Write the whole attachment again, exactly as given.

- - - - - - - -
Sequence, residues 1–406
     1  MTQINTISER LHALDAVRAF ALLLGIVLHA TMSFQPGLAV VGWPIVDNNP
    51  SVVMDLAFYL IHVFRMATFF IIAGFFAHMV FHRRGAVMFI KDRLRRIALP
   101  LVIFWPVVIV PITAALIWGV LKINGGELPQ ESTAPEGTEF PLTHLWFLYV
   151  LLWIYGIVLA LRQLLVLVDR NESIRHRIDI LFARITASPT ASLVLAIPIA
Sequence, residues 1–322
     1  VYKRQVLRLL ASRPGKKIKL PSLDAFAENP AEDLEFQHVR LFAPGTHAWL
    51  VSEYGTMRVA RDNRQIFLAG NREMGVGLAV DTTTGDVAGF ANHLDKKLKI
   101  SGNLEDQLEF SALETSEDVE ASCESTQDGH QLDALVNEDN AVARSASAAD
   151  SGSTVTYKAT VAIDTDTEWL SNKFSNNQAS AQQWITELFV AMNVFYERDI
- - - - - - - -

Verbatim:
Sequence, residues 1–406
     1  MTQINTISER LHALDAVRAF ALLLGIVLHA TMSFQPGLAV VGWPIVDNNP
    51  SVVMDLAFYL IHVFRMATFF IIAGFFAHMV FHRRGAVMFI KDRLRRIALP
   101  LVIFWPVVIV PITAALIWGV LKINGGELPQ ESTAPEGTEF PLTHLWFLYV
   151  LLWIYGIVLA LRQLLVLVDR NESIRHRIDI LFARITASPT ASLVLAIPIA
Sequence, residues 1–322
     1  VYKRQVLRLL ASRPGKKIKL PSLDAFAENP AEDLEFQHVR LFAPGTHAWL
    51  VSEYGTMRVA RDNRQIFLAG NREMGVGLAV DTTTGDVAGF ANHLDKKLKI
   101  SGNLEDQLEF SALETSEDVE ASCESTQDGH QLDALVNEDN AVARSASAAD
   151  SGSTVTYKAT VAIDTDTEWL SNKFSNNQAS AQQWITELFV AMNVFYERDI